“I am of Ireland”, a new play from Seamus Finnegan, aims to explore what it is to be Irish in 2018. Perhaps the timing couldn’t be any more apt, with the Irish attempting to deal once again with a divisive political decision that was out of their control.
Although the play tracks the lives of six Northern Irish Catholic boys, we see the stories of other characters, which in the main are apart from the ‘core’ characters, but sometimes link with each other. Angus Castle-Doughty gives tight, electrifying performances as the angry young men Barry and Derek, both angry at the same thing, but directing their blame at different targets. Richard Fish provides three studies of repressed rage and despair, one of whom meets Derek. Finnegan asks us how a country which has been divided by others can heal its wounds when so many have suffered and have made their neighbours suffer alongside them. How can religion guide both Northern and Southern Ireland, when both countries and churches want to guard their own corners?
Sean Stewart gives us four characters who have learnt to survive through their blank faces; the Irishman who moves to England and who can now only ever bear to visit the land of his birth, a priest whose future lies in the hands of his bishop, a detective, and sergeant. Jerome Ngonadi brings enlightenment through his priest from Monserrat, where Irish slave-owners gave the modern-day residents their names, and gives us a wise Mother Superior for Saria Steel’s Mary, wanting to become a nun against her mother’s wishes. Mary, a determined and devout young woman, has a heart full of love, but is that enough to build a future in the embattled Catholic Church?
Shenagh Govan provides an always-diverting support as Mary’s mother, with her other roles also providing a vital background as a bishop’s housekeeper and as a detective. Her housekeeper is something of a Greek chorus, providing a thorn in the side for her bishop on the role of women in the Church. Are women the key to a more compassionate, modern Catholicism? She seems to think so. Euan Macnaughton plays a devout supporter of his daughter Mary, but also tells us the story of his one-time IRA soldier, radicalised by Bloody Sunday and now finding himself seeking absolution in a society which has officially moved on. Catholicism built him, but does the Catholic North need him any more? Finnegan asks us; what happens to a people who define themselves by conflict, once that conflict ends?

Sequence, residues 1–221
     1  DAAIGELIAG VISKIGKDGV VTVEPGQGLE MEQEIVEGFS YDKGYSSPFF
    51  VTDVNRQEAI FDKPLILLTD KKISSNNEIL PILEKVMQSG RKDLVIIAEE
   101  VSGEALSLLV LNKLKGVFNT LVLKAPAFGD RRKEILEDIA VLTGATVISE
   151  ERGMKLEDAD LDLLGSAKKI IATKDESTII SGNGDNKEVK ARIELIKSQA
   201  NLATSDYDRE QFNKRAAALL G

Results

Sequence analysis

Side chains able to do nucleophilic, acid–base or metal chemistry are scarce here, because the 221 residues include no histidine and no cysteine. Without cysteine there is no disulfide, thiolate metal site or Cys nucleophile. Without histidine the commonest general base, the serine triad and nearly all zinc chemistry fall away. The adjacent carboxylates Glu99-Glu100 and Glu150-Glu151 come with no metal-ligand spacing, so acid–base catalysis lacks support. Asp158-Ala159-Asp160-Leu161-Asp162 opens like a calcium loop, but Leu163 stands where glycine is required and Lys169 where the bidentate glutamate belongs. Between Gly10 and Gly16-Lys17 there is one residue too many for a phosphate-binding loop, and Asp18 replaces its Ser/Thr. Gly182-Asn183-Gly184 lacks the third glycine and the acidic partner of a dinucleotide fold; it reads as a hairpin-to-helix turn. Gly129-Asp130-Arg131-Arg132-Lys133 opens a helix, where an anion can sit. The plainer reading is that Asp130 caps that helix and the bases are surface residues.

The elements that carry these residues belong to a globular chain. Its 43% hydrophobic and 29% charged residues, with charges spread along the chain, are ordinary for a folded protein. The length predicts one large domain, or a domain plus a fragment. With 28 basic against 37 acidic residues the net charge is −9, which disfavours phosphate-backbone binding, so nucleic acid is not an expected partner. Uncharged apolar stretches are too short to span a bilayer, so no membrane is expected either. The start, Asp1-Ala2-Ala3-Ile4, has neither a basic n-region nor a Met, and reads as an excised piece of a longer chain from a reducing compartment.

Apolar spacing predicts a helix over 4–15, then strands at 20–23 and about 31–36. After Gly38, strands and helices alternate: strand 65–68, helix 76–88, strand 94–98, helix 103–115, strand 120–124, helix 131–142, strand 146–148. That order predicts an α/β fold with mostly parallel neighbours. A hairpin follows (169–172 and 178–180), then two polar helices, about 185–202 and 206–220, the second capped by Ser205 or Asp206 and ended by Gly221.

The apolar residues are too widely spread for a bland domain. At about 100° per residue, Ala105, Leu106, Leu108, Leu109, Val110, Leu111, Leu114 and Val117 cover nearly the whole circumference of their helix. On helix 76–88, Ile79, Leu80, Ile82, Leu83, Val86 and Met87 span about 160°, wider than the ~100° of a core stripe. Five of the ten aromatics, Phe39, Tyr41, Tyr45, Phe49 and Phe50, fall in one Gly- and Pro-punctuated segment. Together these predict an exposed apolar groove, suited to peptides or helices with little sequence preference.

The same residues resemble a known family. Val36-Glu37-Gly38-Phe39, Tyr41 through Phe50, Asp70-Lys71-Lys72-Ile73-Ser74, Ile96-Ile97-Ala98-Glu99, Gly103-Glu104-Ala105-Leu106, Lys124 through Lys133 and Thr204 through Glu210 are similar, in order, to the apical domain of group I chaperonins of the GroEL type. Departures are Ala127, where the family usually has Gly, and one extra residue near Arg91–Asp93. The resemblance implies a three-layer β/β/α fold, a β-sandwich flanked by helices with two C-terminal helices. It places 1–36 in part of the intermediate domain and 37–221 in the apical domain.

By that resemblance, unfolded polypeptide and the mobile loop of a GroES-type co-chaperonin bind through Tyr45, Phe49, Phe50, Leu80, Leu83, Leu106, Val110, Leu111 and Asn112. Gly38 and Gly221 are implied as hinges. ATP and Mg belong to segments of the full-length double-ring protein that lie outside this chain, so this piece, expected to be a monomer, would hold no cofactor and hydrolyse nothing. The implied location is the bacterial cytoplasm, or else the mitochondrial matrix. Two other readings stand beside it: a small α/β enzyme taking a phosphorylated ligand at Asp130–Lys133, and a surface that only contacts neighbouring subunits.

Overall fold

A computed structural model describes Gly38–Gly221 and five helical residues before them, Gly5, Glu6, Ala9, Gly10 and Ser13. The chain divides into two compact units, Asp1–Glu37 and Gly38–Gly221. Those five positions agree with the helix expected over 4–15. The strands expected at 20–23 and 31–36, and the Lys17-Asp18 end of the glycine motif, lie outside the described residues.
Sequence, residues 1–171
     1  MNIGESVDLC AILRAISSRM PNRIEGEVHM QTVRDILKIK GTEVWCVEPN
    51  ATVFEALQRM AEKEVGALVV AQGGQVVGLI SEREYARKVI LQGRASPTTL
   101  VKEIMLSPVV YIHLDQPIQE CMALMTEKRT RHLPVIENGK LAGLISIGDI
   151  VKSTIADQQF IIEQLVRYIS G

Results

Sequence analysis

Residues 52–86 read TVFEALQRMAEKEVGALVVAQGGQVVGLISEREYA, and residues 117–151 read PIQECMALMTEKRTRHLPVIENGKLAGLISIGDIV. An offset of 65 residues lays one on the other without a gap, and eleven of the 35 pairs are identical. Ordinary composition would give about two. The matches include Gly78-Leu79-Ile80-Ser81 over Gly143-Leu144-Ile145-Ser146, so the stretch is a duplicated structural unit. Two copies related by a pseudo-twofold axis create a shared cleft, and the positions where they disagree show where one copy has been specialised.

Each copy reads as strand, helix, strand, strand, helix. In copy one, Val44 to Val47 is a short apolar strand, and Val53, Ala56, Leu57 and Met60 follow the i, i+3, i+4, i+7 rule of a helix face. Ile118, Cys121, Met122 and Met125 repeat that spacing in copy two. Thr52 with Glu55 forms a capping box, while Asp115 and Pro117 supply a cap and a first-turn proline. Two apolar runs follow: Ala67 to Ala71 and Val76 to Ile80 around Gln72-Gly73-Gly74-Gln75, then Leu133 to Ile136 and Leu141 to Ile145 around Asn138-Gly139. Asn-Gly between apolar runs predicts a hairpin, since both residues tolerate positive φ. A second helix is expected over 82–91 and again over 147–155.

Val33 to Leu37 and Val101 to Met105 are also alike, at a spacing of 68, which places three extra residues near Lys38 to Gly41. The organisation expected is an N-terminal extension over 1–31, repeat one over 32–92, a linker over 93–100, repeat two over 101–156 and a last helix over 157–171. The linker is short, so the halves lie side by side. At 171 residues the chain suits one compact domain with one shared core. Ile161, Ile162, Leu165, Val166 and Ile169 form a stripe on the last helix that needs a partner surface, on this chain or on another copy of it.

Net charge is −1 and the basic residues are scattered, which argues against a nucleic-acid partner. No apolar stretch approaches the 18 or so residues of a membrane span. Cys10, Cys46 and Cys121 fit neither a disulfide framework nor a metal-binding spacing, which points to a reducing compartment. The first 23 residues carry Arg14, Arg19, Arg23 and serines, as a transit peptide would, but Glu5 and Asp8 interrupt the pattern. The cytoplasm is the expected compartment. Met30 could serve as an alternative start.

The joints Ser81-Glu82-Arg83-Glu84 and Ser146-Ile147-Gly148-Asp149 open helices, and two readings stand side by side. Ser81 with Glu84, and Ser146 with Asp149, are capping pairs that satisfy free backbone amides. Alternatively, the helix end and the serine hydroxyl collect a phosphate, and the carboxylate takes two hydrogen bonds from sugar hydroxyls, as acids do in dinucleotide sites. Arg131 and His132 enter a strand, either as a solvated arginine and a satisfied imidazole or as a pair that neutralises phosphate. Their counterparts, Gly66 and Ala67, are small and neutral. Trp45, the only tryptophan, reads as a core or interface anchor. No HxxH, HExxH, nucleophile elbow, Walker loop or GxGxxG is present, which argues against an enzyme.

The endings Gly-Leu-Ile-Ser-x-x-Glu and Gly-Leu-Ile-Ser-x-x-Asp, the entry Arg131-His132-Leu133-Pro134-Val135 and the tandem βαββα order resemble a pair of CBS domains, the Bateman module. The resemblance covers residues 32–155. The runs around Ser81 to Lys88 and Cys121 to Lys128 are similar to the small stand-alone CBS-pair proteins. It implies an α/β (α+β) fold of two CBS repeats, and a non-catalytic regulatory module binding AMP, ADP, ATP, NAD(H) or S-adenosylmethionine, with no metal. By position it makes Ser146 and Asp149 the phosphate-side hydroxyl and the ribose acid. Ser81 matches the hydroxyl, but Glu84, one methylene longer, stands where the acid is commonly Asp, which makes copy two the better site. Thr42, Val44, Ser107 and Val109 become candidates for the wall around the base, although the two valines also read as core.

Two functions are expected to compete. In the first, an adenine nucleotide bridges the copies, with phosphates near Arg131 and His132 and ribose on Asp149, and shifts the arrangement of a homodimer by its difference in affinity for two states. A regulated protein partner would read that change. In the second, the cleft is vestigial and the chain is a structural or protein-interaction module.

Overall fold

“I am of Ireland” asks many questions, with many stories, but has the wisdom to intertwine humour with what are strong and often disturbing performances. Finnegan doesn’t shy away from both the horror and the mundane aspects of the fault lines of hate through Irish society. His own experience of leaving Northern Ireland for England and childhood of being raised by the Irish Christian Brothers features as an ever-present backdrop to the stories of others, but doesn’t overpower them. It would be difficult to do so, as the many voices in the play are all strong, even those of supporting characters. The audience are reminded twice during the play that the Easter Rising is only 102 years old, a counterpoint to the attempt of England to rewrite its imperialist history as something very far in the past. The various issues raised during the play, deliberately without any satisfying answers, is also a timely reminder that the inclination of the English press and establishment to ignore Irish politics is an unwise one.